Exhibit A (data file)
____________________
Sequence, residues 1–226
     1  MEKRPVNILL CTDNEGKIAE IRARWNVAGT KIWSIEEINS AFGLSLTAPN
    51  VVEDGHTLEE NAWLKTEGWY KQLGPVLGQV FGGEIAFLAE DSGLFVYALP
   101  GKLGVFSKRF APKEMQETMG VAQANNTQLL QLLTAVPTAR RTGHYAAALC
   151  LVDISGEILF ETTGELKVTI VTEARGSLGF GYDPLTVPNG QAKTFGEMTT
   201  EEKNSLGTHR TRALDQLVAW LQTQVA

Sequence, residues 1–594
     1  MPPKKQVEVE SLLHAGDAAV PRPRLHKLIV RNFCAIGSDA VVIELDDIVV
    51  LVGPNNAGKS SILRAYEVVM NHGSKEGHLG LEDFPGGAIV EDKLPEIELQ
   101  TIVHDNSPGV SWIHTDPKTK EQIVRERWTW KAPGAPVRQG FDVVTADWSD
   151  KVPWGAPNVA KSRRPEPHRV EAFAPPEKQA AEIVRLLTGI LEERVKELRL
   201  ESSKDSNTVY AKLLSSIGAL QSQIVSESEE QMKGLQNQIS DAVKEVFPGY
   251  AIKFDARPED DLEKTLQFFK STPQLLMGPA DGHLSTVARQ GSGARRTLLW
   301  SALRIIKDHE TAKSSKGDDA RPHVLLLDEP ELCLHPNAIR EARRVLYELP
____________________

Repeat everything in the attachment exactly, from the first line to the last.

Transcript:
Sequence, residues 1–226
     1  MEKRPVNILL CTDNEGKIAE IRARWNVAGT KIWSIEEINS AFGLSLTAPN
    51  VVEDGHTLEE NAWLKTEGWY KQLGPVLGQV FGGEIAFLAE DSGLFVYALP
   101  GKLGVFSKRF APKEMQETMG VAQANNTQLL QLLTAVPTAR RTGHYAAALC
   151  LVDISGEILF ETTGELKVTI VTEARGSLGF GYDPLTVPNG QAKTFGEMTT
   201  EEKNSLGTHR TRALDQLVAW LQTQVA

Sequence, residues 1–594
     1  MPPKKQVEVE SLLHAGDAAV PRPRLHKLIV RNFCAIGSDA VVIELDDIVV
    51  LVGPNNAGKS SILRAYEVVM NHGSKEGHLG LEDFPGGAIV EDKLPEIELQ
   101  TIVHDNSPGV SWIHTDPKTK EQIVRERWTW KAPGAPVRQG FDVVTADWSD
   151  KVPWGAPNVA KSRRPEPHRV EAFAPPEKQA AEIVRLLTGI LEERVKELRL
   201  ESSKDSNTVY AKLLSSIGAL QSQIVSESEE QMKGLQNQIS DAVKEVFPGY
   251  AIKFDARPED DLEKTLQFFK STPQLLMGPA DGHLSTVARQ GSGARRTLLW
   301  SALRIIKDHE TAKSSKGDDA RPHVLLLDEP ELCLHPNAIR EARRVLYELP